20 Direct-Marketing Ideas for Small Nonprofits, Part 2
[Editor's note: This is part 2 of a four-part series. View part 1 here.]
There are many strategies smaller nonprofits can employ to get results that mirror or even top those of the big players in the sector. In their session, "20 Big Direct Marketing Ideas for Small Nonprofits," at the 2012 Washington Nonprofit Conference, Eliza Temeles, senior account executive at MKDM; Jill Batcheller, membership manager at the Lincoln Center for the Performing Arts; and Alicia Toles, annual giving and donor data manager at Food and Friends, shared 20 direct-response fundraising strategies tailored to smaller organizations. Here are ideas 6-10.
6. Explore homemade modeling
Build your own model with the data you have, Temeles said. Consider building your model with data such as:
- Date added
- E-mail behavior
- Event attendance
- Volunteer history
- ZIP code
"Use as much data as you can to develop models to target your donors and prospects better," Temeles said. "A commercial model often has a significant outright investment, but an in-house model is cheaper. There is still a cost in time and effort, but it is a smaller investment. Don't disregard your own internal information. Put it to work."
7. Get offline donors online and online activists offline
"In order to have a successful multichannel campaign, you have to have e-mail addresses as well as mail addresses. It's worth the investment," Temeles said.
She said it's possible to do this organically and provided the example of the Family Equality Council (FEC).
On its direct-mail piece, FEC included an e-mail collection tool on the reply device. However, the collection tool wasn't to sign up for the e-newsletter — a common offer to try and capture e-mail addresses. Rather, it was an offer to take an action, which encourages greater participation. There was also a drive to "put your gift to work faster" by going to the website, and the URL was included in different places — on the reply, included in an insert to share your story — with different calls to action.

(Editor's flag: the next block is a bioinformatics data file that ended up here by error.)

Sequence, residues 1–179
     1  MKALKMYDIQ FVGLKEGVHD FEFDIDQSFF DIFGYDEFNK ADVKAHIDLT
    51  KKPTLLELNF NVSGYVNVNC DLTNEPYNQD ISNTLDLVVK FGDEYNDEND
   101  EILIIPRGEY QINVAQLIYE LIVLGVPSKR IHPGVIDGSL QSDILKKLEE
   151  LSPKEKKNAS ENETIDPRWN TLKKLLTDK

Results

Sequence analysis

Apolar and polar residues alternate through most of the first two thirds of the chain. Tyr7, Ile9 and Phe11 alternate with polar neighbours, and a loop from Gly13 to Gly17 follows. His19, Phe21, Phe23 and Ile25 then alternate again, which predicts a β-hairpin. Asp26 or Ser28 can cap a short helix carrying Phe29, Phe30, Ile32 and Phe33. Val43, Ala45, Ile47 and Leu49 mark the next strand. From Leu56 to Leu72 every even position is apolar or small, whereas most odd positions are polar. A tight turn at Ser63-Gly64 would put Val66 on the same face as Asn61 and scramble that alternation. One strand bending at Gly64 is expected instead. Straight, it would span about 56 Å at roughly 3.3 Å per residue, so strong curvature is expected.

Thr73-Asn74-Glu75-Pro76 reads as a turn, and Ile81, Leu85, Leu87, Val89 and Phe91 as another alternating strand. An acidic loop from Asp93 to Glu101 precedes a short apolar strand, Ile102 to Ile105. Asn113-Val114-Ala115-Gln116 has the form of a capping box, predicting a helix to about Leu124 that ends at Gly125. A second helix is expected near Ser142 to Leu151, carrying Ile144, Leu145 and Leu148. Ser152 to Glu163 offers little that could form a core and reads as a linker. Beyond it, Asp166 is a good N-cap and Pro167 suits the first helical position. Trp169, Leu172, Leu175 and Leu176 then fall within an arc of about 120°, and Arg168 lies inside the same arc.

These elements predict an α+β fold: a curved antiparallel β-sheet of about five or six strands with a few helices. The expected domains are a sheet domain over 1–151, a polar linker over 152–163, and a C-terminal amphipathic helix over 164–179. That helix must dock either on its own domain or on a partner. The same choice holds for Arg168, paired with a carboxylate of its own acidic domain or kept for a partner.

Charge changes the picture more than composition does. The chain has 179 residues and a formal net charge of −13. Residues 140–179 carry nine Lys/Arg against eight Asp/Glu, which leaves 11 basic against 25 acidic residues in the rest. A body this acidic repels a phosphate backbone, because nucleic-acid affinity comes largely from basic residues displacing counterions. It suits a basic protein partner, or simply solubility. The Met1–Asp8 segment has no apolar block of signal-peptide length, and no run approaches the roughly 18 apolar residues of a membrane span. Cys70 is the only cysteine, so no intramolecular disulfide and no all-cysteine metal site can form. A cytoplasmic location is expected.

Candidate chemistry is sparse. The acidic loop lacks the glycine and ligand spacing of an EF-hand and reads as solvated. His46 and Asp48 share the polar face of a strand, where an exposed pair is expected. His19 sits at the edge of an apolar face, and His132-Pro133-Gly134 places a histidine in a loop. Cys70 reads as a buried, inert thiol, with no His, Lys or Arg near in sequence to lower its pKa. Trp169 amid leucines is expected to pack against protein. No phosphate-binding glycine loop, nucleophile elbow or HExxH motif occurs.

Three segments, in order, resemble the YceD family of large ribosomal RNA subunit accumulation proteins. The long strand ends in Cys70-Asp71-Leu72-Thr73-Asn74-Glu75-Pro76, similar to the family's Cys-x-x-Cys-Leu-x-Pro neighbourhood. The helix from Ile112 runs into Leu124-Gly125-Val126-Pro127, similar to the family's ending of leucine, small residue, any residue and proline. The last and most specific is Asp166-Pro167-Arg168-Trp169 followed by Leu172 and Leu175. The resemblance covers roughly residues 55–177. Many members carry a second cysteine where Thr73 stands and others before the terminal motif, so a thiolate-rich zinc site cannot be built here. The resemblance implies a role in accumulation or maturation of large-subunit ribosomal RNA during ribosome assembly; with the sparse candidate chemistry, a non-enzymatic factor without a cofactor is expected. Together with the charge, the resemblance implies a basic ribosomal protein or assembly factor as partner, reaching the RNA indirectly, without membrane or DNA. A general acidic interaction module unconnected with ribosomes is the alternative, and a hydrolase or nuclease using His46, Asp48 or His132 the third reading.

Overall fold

The idea, Temeles said, is to provide different ways to get donors online.
"Keep it in front of donors everywhere. Get them to think about online. Put the URL everywhere," she said.
Likewise, she said you should ask for a mailing address anywhere you can online, as long as there is a good reason for it — provide an offer as an incentive to provide the mail address.
Temeles said it's always a good idea for smaller organizations to look at the larger organizations to see what they're doing and try implementing the lessons you take away on a smaller scale to fit your organization.
"Organizations with big budgets and file sizes do lots of testing and analytics. They can do the learnings for you," she said. "See what they're doing, and version it for your donors if it's suitable. Think about what the message is, and apply it to your own organization."
9. Tie it all together through multichannel marketing
Reinforce your message by adding that language to every channel — website, e-newsletter, social media, direct mail, etc. — Toles said.
"Have a concrete strategy on how to implement that. When designing a message and schedule, think of all the different pieces you already have to implement into the strategy," she said. "Tie it all together."
She provided an example from Food and Friends. Food and Friends implemented a direct-mail letter and an e-mail from Executive Chef Mark Locraft, with the e-mail phase going out before the direct-mail piece, and then a follow-up e-mail after the letter was mailed. Everything referenced the same campaign — the Summer Food Fund — and kept a consistent tone with the message coming from Locraft.
10. Experiment with e-mail testing
Toles suggested testing everything from subject lines to headlines, ask strings, length and language in your e-mail campaigns to improve e-mail strategies and learn more about your online donors.
She shared an ask string test from Food and Friends. In version 1, the ask string in the e-mail simply read: "A gift of $25, $50, $100 or more will mean so much to so many."
Version 2 provided a higher ask string with more detail: "$24 can help provide a day's worth of meals to one client; $100 can help a client receive a week of fresh produce; $560 can help give a client one month's worth of meals; $1000 can help deliver an entire day of meals to all our clients."
The more detailed, varied ask string test saw a 15 percent increase in response, Toles said.